#page#When Ferguson protesters bucked at being co-opted by the self-serving antics of Al Sharpton Inc., Kirsten West Savali of the Root chalked that up to the “fierce urgency of now” and its uncanny ability to inspire young people to “bum rush the mic,” to use the fierce urgency of slang from 1987. In 2012, Peter Dinklage led a band of po-faced celebrities taking time out from the extraordinarily profitable creation of blood-drenched entertainment to advise the sort of people who take their political cues from Game of Thrones actors to “demand a plan — right now!” on gun control. The accumulation of celebrity brainpower around Dinklage would not provide enough neuro-electric juice to fire up one of Henry Winkler’s free lighted magnifying readers, but never mind — Now is the point, the alpha and the omega. Don’t just stand there thinking carefully about the nature of the problem and considering your options with mature judgment — do something! Peter Dinklage and Will Ferrell — the main artistic forces behind Elf — demand nothing less.
Organizing for Action, the permanent Obama campaign, would very much like to sell you a limited-edition — “while supplies last!” — poster bearing the slogan: “The Time to Act Is Now.” The catalog of asininity goes on forever.
The people who genuinely believe that the existential future of mankind is at stake might be forgiven their “Now!” even as we take note of the fact that practically everything they want, from organic cupcakes to bike lanes, they believe to be necessary to the survival of mankind. But it does not stop with Armageddon. Consider this current headline: “Let’s fix our female Asian-American writer blind spot now!” To Celeste Ng, a female Asian American who recently published her first novel, our purported cultural blind spot for female Asian-American writers must present an intensely important occasion for the fierce urgency of now, though she gives cruelly short shrift to female Asian-American left-handed writers of historical romance novels who work while suffering from sleep apnea and living in states whose names begin with the letter “M,” women who truly dwell in the shadows of a culture that seems almost aggressively unwilling to take note of them as a group.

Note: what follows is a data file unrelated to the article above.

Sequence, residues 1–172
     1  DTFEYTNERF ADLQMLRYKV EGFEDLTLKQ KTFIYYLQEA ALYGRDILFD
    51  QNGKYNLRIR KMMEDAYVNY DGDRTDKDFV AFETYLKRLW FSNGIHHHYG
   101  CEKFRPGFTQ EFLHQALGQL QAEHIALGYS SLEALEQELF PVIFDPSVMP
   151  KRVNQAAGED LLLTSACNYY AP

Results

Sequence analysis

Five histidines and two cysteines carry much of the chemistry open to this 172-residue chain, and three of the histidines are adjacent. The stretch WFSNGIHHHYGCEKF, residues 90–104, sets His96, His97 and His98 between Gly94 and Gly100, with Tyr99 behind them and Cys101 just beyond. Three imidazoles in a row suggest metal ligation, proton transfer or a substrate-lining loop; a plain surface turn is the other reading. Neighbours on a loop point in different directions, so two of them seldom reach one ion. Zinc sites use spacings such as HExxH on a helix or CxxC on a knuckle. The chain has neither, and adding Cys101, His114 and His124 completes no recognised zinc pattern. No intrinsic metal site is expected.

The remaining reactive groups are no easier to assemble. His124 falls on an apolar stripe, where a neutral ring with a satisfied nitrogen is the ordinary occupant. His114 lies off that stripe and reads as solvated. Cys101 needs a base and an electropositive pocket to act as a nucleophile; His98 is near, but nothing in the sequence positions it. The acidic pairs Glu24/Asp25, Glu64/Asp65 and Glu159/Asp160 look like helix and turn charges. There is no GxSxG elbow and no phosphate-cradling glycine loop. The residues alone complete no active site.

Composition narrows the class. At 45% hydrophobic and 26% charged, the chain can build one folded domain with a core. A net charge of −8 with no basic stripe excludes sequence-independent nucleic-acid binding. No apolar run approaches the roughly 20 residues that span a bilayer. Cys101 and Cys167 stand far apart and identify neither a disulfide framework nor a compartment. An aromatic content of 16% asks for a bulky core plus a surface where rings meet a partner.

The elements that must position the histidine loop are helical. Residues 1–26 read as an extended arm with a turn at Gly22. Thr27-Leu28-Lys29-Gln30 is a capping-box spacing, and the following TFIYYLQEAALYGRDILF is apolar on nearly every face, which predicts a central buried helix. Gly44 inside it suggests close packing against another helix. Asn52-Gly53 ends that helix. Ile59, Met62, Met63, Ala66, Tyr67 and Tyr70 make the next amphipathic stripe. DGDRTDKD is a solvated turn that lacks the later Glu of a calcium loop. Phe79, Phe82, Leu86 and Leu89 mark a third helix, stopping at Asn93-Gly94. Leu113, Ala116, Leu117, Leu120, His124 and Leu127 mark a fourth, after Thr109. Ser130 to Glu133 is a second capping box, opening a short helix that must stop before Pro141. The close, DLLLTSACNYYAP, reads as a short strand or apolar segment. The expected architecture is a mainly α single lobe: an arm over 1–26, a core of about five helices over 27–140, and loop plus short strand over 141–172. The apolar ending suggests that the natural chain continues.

And the grandda — ! — grandperson of them all, the National Organization for Women, makes NOW! its fundamental message: “What do we want? Whatever we want! When do we want it? Now!” (Which is, admittedly, a bit of an improvement over: “What do we want? Dead children! When do we want them? January 1973 and forward!”) Ironically NOW and the woman who embodies its ethic, Gloria Steinem, have only the most tenuous of connections to the present, being about as much a product of the here and now as the costumes seen on reruns of The Partridge Family.
Conservatives should know better, but we are as vulnerable to temptation as anybody. Whoever the nominee is in 2016, expect him to issue a plan for his first day in office, his first 100 days, etc.
Why? Consider the alternative: “My plan is to try to behave in a generally adult fashion, to avoid making hasty decisions, and to consider my options in full knowledge that almost none of our serious national problems has a self-evident solution, that everything is a matter of tradeoffs, and that the best we can reasonably hope for is to choose the least-bad option in most cases. I am the least-bad candidate in this race, and I promise to govern accordingly. And that means few if any dramatic moves.”
That is what we need now, and what “Now!” ensures we cannot have — not now, not ever.
— Kevin D. Williamson is roving correspondent of National Review.